For any fans of old horror monsters and/or the stylings of Roy Thomas, here’s a three pager I originally wrote for the horror issue of Solar Wind, that finally found a home in Duke Etrange’s World Of Weird. Art by Brian Coyle.
Whatever happened to this series? Work happened, and continues to happen. This is the crunch time for about three seperate projects, with a fourth waiting in the wings. Expect forward progress on TMIGEM to be glacial, two a week or less – but it WILL get finished. At some point.
In the meantime, goodbye touring, hello great whacking doses of LSD!
That’s not the Beatles, but Beyond, a chirpy Japanese pop combo with some kind of fun fetish. But even they can’t get away from the song’s central brand – the image of that big yellow sub, made famous by the cartoon – and neither can the Beatlebots, as we’ll see in this special warming-up-to-it-again edition.
The final tour song… ever! And it was actually the final tour song for the Beatles in real life, according to the in-game factoids. (Well, almost. But it was definitely the last song they played that was written by them.)
This was the only even faintly decent cover version of ‘Paperback Writer’ I could find – Gershon Kingsley, from his album ‘Music To Moog By’. That said, there’s something ill-fitting about ‘Paperback Writer’ devolving into a psychedelic wilderness over the course of the song.
That’s Junior Parker’s ultra-slow, ultra-mellow version, a chuckling drawl (“Aw, now this is awful…”) that makes it clear that Junior is having a whale of a time lounging in the shoes of the man to whom all monies flow. He’s recasting the callous bureaucrat as some kind of blaxploitational Kingpin Of Crime, divorcing the song completely from one cultural milieu – what does Junior Parker care about the Wilson government? – and plugging it into a completely different one, with frankly gorgeous results.
Great stuff! Not relevent, though. Let’s get back to the Beatlebots.
Well, after a week of hard conventioneering, I’m back in the saddle to talk about ‘Drive My Car’.
Soothing stuff and fun to play, as I remember. I bashed this one out before I left, in the hope that I’d have time to write a column on it while I was away, but even after I got back on Wednesday I was still too dead to do more than gaze listlessly at it. Even now, I’m just going to cobble together some random thoughts and hope I can pull myself together enough to keep the momentum up until Budokan ends, the sessions start and things really get crazy. Anyway, a few spoilers:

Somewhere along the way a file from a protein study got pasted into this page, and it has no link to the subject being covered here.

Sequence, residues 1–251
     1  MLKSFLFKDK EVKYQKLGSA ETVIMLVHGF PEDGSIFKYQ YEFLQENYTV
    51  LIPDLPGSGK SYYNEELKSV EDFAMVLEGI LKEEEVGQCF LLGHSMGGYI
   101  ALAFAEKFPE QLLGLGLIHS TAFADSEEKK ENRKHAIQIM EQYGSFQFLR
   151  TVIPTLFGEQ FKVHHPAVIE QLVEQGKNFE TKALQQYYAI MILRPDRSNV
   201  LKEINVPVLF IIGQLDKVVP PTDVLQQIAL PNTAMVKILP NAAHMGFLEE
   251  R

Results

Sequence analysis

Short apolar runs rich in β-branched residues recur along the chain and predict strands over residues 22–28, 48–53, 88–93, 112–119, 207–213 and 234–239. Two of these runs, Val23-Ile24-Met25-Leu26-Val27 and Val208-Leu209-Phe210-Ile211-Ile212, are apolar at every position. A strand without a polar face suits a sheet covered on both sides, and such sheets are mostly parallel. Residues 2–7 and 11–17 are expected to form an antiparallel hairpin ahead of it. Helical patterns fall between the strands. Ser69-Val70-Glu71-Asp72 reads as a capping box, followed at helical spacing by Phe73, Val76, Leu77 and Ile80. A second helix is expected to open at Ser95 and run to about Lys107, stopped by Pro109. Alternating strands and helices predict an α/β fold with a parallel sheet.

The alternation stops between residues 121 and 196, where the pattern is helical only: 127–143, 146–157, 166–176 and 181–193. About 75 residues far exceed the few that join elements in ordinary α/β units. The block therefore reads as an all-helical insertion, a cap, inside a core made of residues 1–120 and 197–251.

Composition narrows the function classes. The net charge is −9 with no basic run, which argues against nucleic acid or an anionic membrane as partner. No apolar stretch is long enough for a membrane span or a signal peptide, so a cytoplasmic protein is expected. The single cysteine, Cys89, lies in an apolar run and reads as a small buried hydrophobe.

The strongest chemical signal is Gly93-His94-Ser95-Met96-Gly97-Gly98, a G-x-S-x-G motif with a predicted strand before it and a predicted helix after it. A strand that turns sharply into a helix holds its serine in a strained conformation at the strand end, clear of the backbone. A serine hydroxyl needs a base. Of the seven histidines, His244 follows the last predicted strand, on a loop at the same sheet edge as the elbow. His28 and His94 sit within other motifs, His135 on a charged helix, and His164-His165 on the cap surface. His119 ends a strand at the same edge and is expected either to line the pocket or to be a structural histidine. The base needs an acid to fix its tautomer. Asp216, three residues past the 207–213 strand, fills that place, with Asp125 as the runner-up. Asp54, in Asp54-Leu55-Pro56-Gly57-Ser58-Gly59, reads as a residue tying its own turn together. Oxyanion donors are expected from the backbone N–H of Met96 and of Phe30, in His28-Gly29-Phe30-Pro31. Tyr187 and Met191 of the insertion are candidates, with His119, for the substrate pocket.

There are still those, even in the dying days of the Noughties, who deride Rock Band and its ilk as ‘fake’. Well, here’s NES-rock group ‘I Fight Dragons’ doing their chiptune-heavy cover version of ‘And Your Bird Can Sing’, played on a PC-friendly flash clone of Guitar Hero.
So someone’s playing a let’s-pretend version of a let’s-pretend version of the guitar, pretending to play a cover version of a song by a band – probably a hipster band, ugh - who play with Nintendos instead of real instruments. We’re down the rabbit hole of inauthenticity here and I LOVE IT. Suck it, Grandad! Suck it in HELL!
The boys are obviously exhausted, the microphones don’t work properly, Ringo looks ready to top himself right there and the haircuts have gone from the sublime to the ridiculous. Offstage, all sorts of trouble is brewing – the ‘bigger than Jesus’ comment, increasing tensions within the group, an album cover where the band smilingly cavort amidst bloody hunks of butchered meat and baby dolls – and history tells us that the Beatles are on the brink of Tourpocalypse.
As a result, that’s got to be the worst performance of ‘Day Tripper’ I’ve ever seen. Beatlebots to the rescue!
So what happened there? Work happened, to put it bluntly – in the midst of a brutal cold that beat my immune system like a gong, I had to write some pretty serious comics (part of which involved creating an alien language from scratch). In the end, I took the week off the Beatles, and from now on I’ll be doing a more realistic production schedule of Mondays, Wednesdays and Fridays (or at least two out of three) as per Tom’s excellent and timely advice last week on keeping a long-running series going when the enthusiasm starts to run dry.
And what could dry up a man’s enthusiasm faster than the sonic wallpaper that is ‘Eight Days A Week’, our unlucky 13th entry?